Nagaland or Kashmir, More 'Kills' Shouldn't Be the Forces' Goal

The objective of forces in areas of insurgency must be to capture & prosecute suspects, not primarily to kill them.

4 min read
Hindi Female

Why should the primary objective of the armed forces in areas of insurgency be to kill rather than capture and prosecute those identified as terrorists? That’s the question we should be asking – and asking vigorously – in the wake of the tragic killing of innocent civilians in Nagaland.

Early on, the argument used to be that terrorists got killed in firefights because it was tough to capture them in the heat of battle. But we’ve reached a stage now when it is taken for granted that the outright objective is to go in with guns blazing.

The miners who were killed in Nagaland on Saturday were unarmed and posed no immediate threat to anyone. Yet, they were gunned down mercilessly.

Such operations sometimes give the impression of being like a medieval hunt for wild animals. It’s about killing, rather than capturing insurgents, or others who may be labelled as terrorists, in order to prove their guilt in a court of law.


Need to Fix the Justice System

One argument that officers in charge of counter-terrorism operations often give is that convicting captured terrorists is tough, since the legal system is time-consuming, complicated, and, at times, compromised.

Their implication sometimes is that judges who live in areas of insurgency may fear for their or their families’ security if they convict a terrorist. The irony is that it is the job of those very officers to ensure the safety and security of judges and their families. It’s a cop-out to say they can’t do it – pun not intended.

In fact, that sounds to me like an argument about the need to fix the justice system, to make it swifter and safer.

Draconian Laws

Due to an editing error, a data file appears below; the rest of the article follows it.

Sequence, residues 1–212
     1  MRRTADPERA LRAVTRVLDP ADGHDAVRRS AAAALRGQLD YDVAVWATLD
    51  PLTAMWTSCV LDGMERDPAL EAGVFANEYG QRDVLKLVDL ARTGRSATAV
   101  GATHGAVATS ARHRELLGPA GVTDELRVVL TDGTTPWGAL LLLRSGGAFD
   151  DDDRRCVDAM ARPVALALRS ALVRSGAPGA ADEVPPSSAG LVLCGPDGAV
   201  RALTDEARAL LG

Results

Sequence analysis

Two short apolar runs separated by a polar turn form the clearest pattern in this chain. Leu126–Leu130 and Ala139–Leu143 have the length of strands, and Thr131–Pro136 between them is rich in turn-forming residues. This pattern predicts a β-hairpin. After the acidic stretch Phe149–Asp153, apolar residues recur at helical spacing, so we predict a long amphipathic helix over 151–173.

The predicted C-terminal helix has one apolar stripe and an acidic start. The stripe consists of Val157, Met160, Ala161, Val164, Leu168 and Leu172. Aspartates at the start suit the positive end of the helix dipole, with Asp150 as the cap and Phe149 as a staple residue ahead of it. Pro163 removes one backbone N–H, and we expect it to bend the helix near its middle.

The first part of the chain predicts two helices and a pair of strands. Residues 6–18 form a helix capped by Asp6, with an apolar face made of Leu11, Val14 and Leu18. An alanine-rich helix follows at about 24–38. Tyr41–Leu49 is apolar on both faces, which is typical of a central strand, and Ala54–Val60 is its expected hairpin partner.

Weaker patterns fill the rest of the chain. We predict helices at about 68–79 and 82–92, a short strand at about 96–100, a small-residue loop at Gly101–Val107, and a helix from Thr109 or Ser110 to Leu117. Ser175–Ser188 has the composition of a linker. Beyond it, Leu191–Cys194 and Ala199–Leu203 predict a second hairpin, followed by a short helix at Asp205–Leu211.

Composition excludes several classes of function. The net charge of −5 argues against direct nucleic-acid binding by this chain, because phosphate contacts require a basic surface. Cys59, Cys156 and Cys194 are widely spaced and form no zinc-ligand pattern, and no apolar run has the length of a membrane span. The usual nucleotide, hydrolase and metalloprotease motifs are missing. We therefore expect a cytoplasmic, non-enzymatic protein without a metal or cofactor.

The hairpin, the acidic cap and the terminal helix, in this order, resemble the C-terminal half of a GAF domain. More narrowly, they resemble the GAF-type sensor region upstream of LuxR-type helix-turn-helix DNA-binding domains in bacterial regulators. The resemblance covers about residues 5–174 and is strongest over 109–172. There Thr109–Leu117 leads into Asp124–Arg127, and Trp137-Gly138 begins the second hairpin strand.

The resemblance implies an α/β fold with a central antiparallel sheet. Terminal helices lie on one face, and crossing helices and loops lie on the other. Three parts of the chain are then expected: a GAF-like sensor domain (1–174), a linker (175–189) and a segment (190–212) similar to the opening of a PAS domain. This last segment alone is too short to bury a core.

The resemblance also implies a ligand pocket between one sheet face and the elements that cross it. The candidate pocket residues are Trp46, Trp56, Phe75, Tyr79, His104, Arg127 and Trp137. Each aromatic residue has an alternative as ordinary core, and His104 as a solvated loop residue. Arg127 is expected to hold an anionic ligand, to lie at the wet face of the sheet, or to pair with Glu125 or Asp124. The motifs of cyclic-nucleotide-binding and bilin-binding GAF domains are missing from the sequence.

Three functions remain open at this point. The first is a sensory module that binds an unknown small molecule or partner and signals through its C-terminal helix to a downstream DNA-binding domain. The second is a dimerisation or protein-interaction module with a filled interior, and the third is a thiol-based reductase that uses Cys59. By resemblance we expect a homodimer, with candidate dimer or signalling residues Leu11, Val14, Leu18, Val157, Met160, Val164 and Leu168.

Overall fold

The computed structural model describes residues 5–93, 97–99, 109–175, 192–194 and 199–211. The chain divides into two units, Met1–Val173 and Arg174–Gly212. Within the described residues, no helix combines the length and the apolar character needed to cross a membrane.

That sort of argument also ignores the fact that specific terror laws are so draconian that it isn’t even possible for most of those charged under those laws to get bail.

The Unlawful Activities (Prevention) Act (UAPA), like its predecessors, is applicable all over the country, and can now be prosecuted by the centrally-run NIA. Then, there are such laws as the infamous Public Safety Act (PSA) in places like Jammu and Kashmir. Under it, anyone can be locked up without the case against them needing to be proved.


Incentives For More 'Kills'

The fact that no one wants to confront is that incentives have been placed across the entire apparatus of counter-insurgency to encourage what is quite blatantly called ‘kills’.

One hears in Kashmir, for instance, of one or another police officer getting several promotions over a relatively short period, because ‘he had a lot of kills’.

Those in forces that undertake a lot of counter-terrorism operations not only get out-of-turn promotions for ‘kills’ but also, in some places and some forces, special pay and perks – plus medals and citations often accompany ‘kills’.

But Positives Are Instead Mocked

I have argued for years that there should instead be incentives for officers in whose areas of operation (in an otherwise insurgent area) there are no incidents or no terrorists, or a decrease in alienation and violence.

But such positive trends are not only not rewarded, senior officers at times even deride officers whose areas remain peaceful, calling them unsuccessful, and challenging them to show more ‘kills’.